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[https://hbr.org/2019/11/breaking-down-the-barriers-to-innovation] - - public:weinreich
behavior_change, organization, management - 3 | id:277240 -

Fortunately, it’s possible to “hack” this problem. Drawing on the behavioral-change literature and on our experiences working with dozens of global companies, including DBS, Southeast Asia’s biggest bank, we’ve devised a practical way to break bad habits that squelch innovation and to develop new ones that inspire it. Like most hacks, our approach isn’t expensive, though it does take time and energy. It involves setting up interventions we call BEANs, shorthand for behavior enablers, artifacts, and nudges. Behavior enablers are tools or processes that make it easier for people to do something different. Artifacts—things you can see and touch—support the new behavior. And nudges, a tactic drawn from behavioral science, promote change through indirect suggestion and reinforcement. Though the acronym may sound a bit glib, we’ve found that it’s simple and memorable in a way that’s useful for organizations trying to develop better habits.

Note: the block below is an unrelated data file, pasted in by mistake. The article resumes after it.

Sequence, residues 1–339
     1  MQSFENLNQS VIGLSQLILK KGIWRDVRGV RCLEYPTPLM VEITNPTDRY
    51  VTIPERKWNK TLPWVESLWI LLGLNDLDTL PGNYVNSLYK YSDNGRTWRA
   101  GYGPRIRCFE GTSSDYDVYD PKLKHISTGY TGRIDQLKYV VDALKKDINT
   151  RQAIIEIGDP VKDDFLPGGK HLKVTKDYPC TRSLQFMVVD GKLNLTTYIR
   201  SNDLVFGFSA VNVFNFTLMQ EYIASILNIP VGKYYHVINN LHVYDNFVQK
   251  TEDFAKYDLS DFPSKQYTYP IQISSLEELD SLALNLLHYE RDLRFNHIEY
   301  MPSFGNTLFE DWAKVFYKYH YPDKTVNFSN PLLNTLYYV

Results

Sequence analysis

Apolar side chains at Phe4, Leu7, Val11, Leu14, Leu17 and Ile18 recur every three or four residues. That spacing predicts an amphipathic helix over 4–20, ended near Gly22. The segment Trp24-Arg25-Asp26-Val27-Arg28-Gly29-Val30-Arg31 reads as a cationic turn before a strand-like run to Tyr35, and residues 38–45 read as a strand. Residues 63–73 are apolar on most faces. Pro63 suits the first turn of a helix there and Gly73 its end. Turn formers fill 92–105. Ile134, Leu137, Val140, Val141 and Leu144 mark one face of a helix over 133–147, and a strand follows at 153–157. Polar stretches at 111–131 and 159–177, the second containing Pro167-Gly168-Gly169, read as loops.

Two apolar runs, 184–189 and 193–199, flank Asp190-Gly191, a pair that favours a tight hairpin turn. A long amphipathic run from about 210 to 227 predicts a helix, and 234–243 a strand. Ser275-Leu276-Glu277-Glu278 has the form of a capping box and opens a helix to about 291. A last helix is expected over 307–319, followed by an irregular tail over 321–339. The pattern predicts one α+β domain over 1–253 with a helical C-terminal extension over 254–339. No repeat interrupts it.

[http://www.impactbydesigninc.org/diffusion-of-innovation] - - public:weinreich
behavior_change, how_to, organization, social_change, theory - 5 | id:177130 -

If you or a small group of colleagues are the ones trying to bring a new practice to your organization, you are an innovator. You are inspired by a new practice you discovered, but will likely face problems getting it accepted. Consider that the challenges you experience when spreading a new practice are totally normal. It doesn’t mean you are failing, should stop trying, or there is anything “wrong” with staff and colleagues. It just means that your role is to plan how to motivate other members of the system

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